When subsidised theatre companies announce their seasons for the year, one of the hottest topics around relates to an industrial issue – employment opportunities. Whilst there is also great interest in what shows will be produced, it’s the jobs and casting that draw the attention of a city’s artists and creatives. As to the issue of gender equity in role opportunities – 2011 is not a good year for female actors in Brisbane.
The 2011 mainstage season plays for both Brisbane subsidised companies have more male roles – considerably more – than female. Whilst employment in a mainstage production is not the whole picture for a professional theatre actor – there are other job opportunities in the sector from play readings, teaching, touring in educational programs and from non-award waged engagement in various independent projects in the city – there is no doubt that a contract for a show produced by QTC or La Boite is highly prized. Gender-blind casting notwithstanding, it became clear early on that there were going to be far more jobs for the boys this year at QTC and La Boite.
Of course, actors are not the only theatre workers who are disadvantaged in the equity stakes. Female writers and directors have, increasingly, expressed their frustration at the lack of employment opportunities in the programmed seasons of various companies throughout the country. You’ve probably ready the commentary in blogs and in the arts sections of the Australian media over the past couple of years.
The issue of gender equity continues to vex and challenge the theatre industry. Where actors are concerned the matter is exacerbated because of the general dearth of roles for women in the plays being programmed by artistic directors. Another post on Greenroom Memories of 2010 – and a few hopes for a new theatre year (see below) mulled this one and suggested an intervention strategy to assist.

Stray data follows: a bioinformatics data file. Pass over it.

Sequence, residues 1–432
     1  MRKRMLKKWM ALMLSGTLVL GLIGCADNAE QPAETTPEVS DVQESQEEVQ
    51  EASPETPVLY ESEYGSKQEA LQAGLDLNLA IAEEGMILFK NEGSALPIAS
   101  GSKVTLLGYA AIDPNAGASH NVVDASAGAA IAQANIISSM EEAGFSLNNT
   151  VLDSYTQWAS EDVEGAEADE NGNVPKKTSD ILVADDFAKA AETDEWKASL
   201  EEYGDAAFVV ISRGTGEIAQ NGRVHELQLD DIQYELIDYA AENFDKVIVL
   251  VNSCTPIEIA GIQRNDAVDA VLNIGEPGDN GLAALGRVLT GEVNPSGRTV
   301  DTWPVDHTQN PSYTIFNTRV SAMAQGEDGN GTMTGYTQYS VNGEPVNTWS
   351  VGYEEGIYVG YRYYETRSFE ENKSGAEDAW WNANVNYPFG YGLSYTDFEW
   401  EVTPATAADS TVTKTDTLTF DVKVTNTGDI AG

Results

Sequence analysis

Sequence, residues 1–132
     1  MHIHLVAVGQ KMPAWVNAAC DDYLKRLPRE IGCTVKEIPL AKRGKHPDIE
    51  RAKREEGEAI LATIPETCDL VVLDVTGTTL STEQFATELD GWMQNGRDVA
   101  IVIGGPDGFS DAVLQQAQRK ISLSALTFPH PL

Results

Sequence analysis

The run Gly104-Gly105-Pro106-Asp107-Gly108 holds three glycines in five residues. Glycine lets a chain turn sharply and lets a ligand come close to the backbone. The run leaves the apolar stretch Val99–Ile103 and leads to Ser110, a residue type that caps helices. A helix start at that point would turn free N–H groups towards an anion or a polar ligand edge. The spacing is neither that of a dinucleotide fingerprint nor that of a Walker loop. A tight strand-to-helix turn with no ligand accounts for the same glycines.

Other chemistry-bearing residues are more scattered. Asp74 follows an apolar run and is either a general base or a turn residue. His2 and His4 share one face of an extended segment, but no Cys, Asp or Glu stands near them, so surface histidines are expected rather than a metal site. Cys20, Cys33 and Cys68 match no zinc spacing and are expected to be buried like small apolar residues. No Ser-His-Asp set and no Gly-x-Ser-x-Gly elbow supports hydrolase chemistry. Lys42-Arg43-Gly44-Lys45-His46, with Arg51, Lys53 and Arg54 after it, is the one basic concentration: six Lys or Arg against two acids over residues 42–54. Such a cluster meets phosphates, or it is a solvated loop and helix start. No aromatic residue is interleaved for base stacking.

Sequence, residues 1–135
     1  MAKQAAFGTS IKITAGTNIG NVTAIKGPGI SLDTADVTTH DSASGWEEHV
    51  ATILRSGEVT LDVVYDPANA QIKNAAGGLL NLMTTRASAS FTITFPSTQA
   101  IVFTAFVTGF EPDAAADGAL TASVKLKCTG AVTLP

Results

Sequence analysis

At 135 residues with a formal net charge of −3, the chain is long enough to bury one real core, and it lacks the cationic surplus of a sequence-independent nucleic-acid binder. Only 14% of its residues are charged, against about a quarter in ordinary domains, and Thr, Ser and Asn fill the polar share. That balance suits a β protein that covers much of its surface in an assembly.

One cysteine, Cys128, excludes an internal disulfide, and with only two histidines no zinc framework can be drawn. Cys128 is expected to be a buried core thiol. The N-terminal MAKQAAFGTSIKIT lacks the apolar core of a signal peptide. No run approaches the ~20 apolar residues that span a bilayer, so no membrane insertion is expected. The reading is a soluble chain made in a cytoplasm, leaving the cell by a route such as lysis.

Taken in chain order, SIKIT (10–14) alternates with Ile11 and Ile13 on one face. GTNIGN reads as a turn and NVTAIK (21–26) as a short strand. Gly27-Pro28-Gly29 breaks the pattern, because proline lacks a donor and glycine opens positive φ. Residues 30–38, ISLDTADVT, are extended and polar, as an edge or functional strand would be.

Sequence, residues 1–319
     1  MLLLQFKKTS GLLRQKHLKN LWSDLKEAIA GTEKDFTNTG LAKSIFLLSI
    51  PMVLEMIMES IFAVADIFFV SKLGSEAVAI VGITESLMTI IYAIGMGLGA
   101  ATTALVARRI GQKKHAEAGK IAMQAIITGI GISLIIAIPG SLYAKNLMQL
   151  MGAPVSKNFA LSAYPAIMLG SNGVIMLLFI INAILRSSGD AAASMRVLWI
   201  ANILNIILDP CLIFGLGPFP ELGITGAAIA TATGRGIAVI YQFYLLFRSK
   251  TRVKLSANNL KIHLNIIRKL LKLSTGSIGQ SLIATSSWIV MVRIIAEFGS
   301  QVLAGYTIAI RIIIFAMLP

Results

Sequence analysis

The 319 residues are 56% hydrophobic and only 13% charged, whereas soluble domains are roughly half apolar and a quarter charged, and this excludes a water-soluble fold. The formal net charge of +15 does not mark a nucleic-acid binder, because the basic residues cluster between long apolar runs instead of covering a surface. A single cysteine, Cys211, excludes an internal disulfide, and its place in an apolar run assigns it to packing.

A little while back, and in order to get an overview of the directors and writers by gender and of play origin and production type (self-produced; presenting parternships; co-pros), Greenroom analysed the 2011 theatre season from both of Brisbane’s subsidised companies. Information was obtained from season brochures or from the websites of both Queensland Theatre Company and La Boite Theatre. We did not include details from the regionals: JUTE (Cairns), or Empire Theatre Projects Company (Toowoomba) since their 2011 Season details were not yet complete. Nor have we accessed similar information on productions originating from the Gold Coast Arts Centre. If you missed these earlier Greenroom posts, see Related Articles (below).
Greenroom has begun a spreadsheet database tracking the casting by gender for Season 2011 mainstages for QTC and La Boite Theatre. Details will be added as individual shows open. This should give a fuller and more accurate picture of local theatre employment in Brisbane. Hopefully, by year’s end, we will be able to put a peg in the ground to track trends from then on. There will be a quarterly report to keep you up to date.
With QTC’s Sacré Bleu and La Boite’s Julius Caesar open and running, here is the first mini report based on cast by gender for the first two home-grown productions of the year. La Boite’s first show for 2011, The Gruffalo’s Child, has not been included as it did not employ local actors.
Greenroom is also collecting data on the gender breakdown by creative position for the big two companies in town.
Hope you will find the facts and figures useful when you come to argue for a locally more equitable arts industry.
- Memories of 2010 – and a few hopes for a new theatre year (actorsgreenroom.net)
- Season 2011: Who are the writers? (actorsgreenroom.net)
- When do the writers come from? (actorsgreenroom.net)
- Where do the writers come from? (actorsgreenroom.net)